Carl Icahn had a bad day Monday, losing an estimated $420 million according to a report in Forbes.
The loss stems from a 4% drop in the stock of Icahn Enterprises LP (NASDAQ:IEP) that was based on revelations in the Wall Street Journal on Friday that Carl Icahn may be at the center of an insider trader case involving golfer Phil Mickelson and infamous professional gambler Billy Walters.
Golfer approached by FBI after round at Memorial golf tournament
The Journal reported that Thursday Mickelson, fresh of finishing a round of golf in a PGA tour event in Columbus, Ohio, was approached by FBI agents after he handed in his score card “I have done absolutely nothing wrong,” Mickelson declared at the Memorial golf tournament. “That’s why I’ve been fully cooperating with the FBI agents, and I’m happy to do so in the future, too, until this gets resolved.”
The allegation is that in 2011 Carl Icahn told Walters about his forthcoming investment in Clorox before it was public. Walters is alleged to have told Mickelson, who is known to be deeply involved in gambling. This all occurred before Carl Icahn’s intentions were public, at which point the stock of Clorox rose 7.6 percent immediately following Carl Icahn’s public announcement.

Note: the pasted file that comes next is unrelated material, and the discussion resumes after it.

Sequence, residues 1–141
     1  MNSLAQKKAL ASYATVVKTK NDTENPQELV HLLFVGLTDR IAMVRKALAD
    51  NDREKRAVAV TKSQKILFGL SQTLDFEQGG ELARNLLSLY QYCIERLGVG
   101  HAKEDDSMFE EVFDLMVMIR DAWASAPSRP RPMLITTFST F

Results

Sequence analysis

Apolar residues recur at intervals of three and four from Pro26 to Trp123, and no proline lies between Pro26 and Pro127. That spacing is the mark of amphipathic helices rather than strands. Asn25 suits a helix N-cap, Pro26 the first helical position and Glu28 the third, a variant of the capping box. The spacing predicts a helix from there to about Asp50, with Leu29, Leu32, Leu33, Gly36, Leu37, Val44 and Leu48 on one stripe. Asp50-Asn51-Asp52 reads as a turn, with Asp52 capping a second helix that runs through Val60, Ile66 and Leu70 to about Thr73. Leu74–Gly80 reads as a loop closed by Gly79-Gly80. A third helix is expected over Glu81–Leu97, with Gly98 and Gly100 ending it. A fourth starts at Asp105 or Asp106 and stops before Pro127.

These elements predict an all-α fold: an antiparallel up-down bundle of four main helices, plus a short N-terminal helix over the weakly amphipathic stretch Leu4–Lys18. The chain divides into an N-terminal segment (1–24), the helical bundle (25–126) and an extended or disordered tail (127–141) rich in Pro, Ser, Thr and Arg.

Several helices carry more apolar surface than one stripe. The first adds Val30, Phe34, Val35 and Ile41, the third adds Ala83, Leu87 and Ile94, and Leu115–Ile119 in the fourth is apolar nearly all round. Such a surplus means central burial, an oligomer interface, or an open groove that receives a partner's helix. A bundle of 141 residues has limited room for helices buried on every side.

Is Carl Icahn’s action illegal?
Did Carl Icahn break the law? The New York Times is speculating that even if Icahn did provide information to Walters it might have only violated a fiduciary responsibility to investors in his company, not violated the law. Carl Icahn is 88% owner of Icahn Enterprises LP (NASDAQ:IEP).
For his part, Carl Icahn remains defiant, pointing the finger at the Wall Street Journal for reporting about the incident. “We believe that making inflammatory and speculative statements, especially when we’ve had an unblemished record for 50 years, is completely irresponsible on the part of the Wall Street Journal,” he told Bloomberg.
Think the $420 million one day hit Icahn experienced is bad? His stock lost nearly $830 million in value after the Federal Trade Commission announced an investigation into nutrition company Herbalife Ltd. (NYSE:HLF), highlighting a rare defeat in a rather public battle with fellow activist hedge fund manager Bill Ackman, who had lobbied regulators hard for action against Herbalife.
What’s a few hundred million here and there? As Forbes notes, with an estimated worth of $23.6 billion, Carl Icahn is still the most wealthy trader on Wall Street.